Approximately one-third of consumers surveyed reported they’re treated rudely by an employee on an average of once a month and that these and other episodes of uncivil worker behavior make them less likely to patronize those businesses.
Customers rarely report such behavior to employee supervisors, and management systems are so poor they don’t deal with this problem (good systems will – Trader Joe’s or Crutchfield, for example) ensuring a relentless cycle of poor employee behavior that leaves consumers angry and frustrated and saps businesses of customer loyalty, return business and profits, according to researchers from the University of Southern California and Georgetown University. Having tried many times to report failures in their systems to organizations I can say I am either treated with we have no way to accept your feedback or obvious disinterest.
Even, long after Brian Joiner told me he stopped wasting his time for most companies as they obviously had no interest in improving systems to avoid customer hardship I keep banging my head against a wall. It is very rarely that I don’t get complete disinterest. About the best is “you are so right, this is a problem I have to deal with all the time, I have told ‘them’ about the problem but nothing ever happens, I’ll pass on your comment.” It is no surprise people don’t bother to point out problems.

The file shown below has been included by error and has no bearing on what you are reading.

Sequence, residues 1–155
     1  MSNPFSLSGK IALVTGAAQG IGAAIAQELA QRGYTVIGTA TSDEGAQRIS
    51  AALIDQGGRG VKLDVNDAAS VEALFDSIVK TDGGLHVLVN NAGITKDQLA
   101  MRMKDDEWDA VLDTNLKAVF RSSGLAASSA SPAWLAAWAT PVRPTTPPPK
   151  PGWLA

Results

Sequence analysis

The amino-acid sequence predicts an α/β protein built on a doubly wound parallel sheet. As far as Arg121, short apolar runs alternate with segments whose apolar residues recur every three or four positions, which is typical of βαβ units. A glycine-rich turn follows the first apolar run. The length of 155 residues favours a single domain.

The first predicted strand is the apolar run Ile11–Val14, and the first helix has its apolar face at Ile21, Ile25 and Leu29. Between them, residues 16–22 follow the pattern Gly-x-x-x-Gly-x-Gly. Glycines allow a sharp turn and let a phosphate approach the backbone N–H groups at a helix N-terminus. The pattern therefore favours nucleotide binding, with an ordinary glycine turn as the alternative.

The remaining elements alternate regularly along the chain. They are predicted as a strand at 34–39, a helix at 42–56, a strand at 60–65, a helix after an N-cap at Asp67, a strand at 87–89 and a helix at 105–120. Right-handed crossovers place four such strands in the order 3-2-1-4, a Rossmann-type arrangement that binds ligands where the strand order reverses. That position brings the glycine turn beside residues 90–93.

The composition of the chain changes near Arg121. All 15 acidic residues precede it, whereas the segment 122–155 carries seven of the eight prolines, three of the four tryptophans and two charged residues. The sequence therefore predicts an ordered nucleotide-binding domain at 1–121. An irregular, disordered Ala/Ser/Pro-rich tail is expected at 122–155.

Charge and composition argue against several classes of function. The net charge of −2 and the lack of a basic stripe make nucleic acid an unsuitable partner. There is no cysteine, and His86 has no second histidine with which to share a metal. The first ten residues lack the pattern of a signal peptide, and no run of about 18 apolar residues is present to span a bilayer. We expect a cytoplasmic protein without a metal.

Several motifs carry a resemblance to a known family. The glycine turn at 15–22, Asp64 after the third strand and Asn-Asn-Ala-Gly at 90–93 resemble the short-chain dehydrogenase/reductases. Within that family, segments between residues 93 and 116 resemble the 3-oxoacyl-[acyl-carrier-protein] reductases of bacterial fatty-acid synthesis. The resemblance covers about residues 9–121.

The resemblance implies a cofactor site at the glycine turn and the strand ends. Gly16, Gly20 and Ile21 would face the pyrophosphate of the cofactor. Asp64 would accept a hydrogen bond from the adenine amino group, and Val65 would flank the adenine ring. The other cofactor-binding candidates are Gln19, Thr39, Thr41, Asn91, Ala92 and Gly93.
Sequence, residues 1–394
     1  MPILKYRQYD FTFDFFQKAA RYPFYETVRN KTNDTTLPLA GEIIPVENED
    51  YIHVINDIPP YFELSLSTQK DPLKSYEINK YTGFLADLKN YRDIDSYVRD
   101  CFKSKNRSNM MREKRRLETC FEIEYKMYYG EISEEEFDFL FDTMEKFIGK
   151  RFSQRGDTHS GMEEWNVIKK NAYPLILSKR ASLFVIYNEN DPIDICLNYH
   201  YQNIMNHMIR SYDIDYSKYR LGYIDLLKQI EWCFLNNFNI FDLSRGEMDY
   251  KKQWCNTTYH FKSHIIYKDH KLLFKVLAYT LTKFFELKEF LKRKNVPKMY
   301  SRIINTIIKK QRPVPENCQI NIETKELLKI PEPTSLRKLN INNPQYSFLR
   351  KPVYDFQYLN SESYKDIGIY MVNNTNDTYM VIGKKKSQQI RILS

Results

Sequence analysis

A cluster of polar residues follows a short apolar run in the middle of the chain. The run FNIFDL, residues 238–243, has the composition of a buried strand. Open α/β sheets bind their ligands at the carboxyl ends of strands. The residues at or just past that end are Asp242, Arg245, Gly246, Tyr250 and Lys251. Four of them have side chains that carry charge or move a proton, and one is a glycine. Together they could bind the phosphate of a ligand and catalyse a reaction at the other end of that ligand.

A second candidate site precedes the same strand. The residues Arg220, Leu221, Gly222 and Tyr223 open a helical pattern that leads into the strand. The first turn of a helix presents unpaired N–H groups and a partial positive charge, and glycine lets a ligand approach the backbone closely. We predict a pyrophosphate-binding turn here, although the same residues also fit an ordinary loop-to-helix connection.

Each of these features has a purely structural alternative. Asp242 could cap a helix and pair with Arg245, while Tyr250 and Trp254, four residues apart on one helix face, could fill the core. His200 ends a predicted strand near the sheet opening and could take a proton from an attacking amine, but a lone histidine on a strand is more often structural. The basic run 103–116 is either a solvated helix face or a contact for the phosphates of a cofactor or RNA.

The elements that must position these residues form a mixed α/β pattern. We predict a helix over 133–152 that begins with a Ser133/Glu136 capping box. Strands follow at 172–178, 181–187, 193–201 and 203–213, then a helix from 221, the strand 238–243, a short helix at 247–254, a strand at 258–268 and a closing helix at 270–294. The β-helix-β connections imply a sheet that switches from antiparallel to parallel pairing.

A majority of the respondents went home and told friends and family members about the incident (and connected customers often speak out online to large audiences about bad customer service). Managers are unable to address the issue with employees if the managers don’t have a grasp on what is going on at the gemba. The study found that witnessing employee incivility makes customers angry. Customers are less likely to repurchase from the firm and express less interest in learning about the firm’s new services. For managers who are made aware of the offending behavior, their own harsh treatment of the employee can also prompt negative reactions from consumers.